After a couple of years without any (apparent) crisis, the future of Economic and Monetary Union (EMU) is threatened again, following the decision to call snap Greek elections in January. What would be the consequences if the anti-austerity party Syriza becomes the government?
First of all, such an outcome is not yet certain. As Open Europe’s analysis points out, Syriza has only a modest lead in the polls, and even if it becomes the largest party, it may well fall short of having a majority of seats, in which case it would have to form a coalition with another party.
Secondly, it’s necessary to realise that Syriza has, in principle, relatively modest ambitions. Its policy is not to leave the EU or even the single currency, but rather to renegotiate Greece’s debts and the related austerity obligations. Even in previous elections, it sought to default on the debt, rather than leave the EU or EMU.
Having said that, it is possible that Syriza might decide to threaten more decisive action if renegotiation does not go well. Or that party’s more radical elements might take charge. Or, in the view of some (see this Washington Post commentary), Greece might be forced out of the euro by other Member States, particularly Germany.
While the main issues arising from this situation are political and economic, there are also legal constraints that cannot be overlooked. Some key measures taken to save the euro in recent years were litigated before national courts (particularly in Germany and Ireland), as well as in the CJEU, notably the Pringle case (concerning the treaty establishing the European Stabilisation Mechanism) and the pending Gauweiler case (discussed here), concerning the European Central Bank policy of buying government bonds. The Advocate-General’s opinion in the latter case is due in mid-January – in the midst of the Greek election campaign.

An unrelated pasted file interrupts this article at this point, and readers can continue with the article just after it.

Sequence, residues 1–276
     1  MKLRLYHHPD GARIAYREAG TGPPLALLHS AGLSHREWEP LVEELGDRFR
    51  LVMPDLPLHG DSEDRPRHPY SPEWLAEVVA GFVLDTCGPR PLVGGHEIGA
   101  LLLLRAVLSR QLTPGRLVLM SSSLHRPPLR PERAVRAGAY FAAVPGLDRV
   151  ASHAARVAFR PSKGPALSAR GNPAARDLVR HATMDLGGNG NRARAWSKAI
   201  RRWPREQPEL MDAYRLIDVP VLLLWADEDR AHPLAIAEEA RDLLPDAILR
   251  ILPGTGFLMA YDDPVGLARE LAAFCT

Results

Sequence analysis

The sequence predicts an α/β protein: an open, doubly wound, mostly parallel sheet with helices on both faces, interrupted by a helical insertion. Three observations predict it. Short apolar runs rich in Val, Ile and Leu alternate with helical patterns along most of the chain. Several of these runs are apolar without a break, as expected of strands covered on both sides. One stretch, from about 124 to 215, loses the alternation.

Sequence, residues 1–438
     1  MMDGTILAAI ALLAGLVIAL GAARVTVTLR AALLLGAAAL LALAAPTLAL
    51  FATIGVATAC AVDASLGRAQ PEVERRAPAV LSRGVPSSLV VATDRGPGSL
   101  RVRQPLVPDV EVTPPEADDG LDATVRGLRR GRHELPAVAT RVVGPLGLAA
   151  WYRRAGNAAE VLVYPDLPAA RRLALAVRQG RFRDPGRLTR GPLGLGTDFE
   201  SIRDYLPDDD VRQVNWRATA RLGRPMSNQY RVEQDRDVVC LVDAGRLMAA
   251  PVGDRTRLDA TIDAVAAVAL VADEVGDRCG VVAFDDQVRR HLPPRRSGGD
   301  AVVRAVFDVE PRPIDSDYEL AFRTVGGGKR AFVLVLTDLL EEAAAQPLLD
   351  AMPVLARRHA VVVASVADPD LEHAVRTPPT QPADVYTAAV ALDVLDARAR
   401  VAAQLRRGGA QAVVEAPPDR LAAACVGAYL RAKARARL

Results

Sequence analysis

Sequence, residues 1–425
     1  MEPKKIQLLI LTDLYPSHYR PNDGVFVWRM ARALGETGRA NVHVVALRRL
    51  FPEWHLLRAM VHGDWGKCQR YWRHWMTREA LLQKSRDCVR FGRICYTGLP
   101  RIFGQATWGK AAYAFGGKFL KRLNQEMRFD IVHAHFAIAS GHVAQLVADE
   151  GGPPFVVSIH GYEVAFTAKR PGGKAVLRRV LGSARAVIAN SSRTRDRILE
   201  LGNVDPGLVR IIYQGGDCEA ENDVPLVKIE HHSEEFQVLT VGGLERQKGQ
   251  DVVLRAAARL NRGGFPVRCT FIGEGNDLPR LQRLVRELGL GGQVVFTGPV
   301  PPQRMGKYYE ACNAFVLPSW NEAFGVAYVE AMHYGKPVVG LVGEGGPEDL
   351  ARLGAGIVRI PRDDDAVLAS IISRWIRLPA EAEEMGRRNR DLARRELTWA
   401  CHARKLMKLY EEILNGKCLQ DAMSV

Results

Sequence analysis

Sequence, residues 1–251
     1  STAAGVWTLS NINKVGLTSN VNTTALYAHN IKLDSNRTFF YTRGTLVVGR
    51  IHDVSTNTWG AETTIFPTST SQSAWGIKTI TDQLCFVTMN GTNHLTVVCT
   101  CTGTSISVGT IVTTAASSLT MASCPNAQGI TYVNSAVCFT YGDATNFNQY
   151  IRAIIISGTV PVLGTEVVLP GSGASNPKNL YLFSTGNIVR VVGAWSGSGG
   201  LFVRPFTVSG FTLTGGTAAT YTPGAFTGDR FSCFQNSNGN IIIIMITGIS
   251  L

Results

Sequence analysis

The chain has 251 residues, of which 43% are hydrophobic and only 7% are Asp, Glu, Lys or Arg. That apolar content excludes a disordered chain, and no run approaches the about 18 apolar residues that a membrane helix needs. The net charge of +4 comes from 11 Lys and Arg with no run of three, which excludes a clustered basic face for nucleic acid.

Let’s start with the most radical outcome. Every Member State has an option to leave the EU, set out in Article 50 TEU. It would be unwise to invoke that provision unless a Member State genuinely wants to leave (see my earlier blog post on that provision). Conversely, however, it’s entirely impossible to force a Member State out of the EU against its will. The most that the other Member States can do is to suspend its membership in the event of a ‘serious and persistent breach’ of EU values, in particular human rights and democracy (Article 7 TEU).
What about departure from EMU? The Treaties contain detailed rules on signing up to the euro, which apply to every Member State except Denmark and the UK. Those countries have special protocols giving them an opt-out from the obligation to join EMU that applies to all other Member States. But there are no explicit rules whatsoever on a Member State leaving the euro, either of its own volition or unwillingly, at the behest of other Member States. There’s an obvious reason for this: the drafters of the Maastricht Treaty wanted to ensure that monetary union went ahead, and express rules on leaving EMU would have destabilised it from the outset. Put simply, legally speaking, Greece can’t jump or be pushed from the single currency.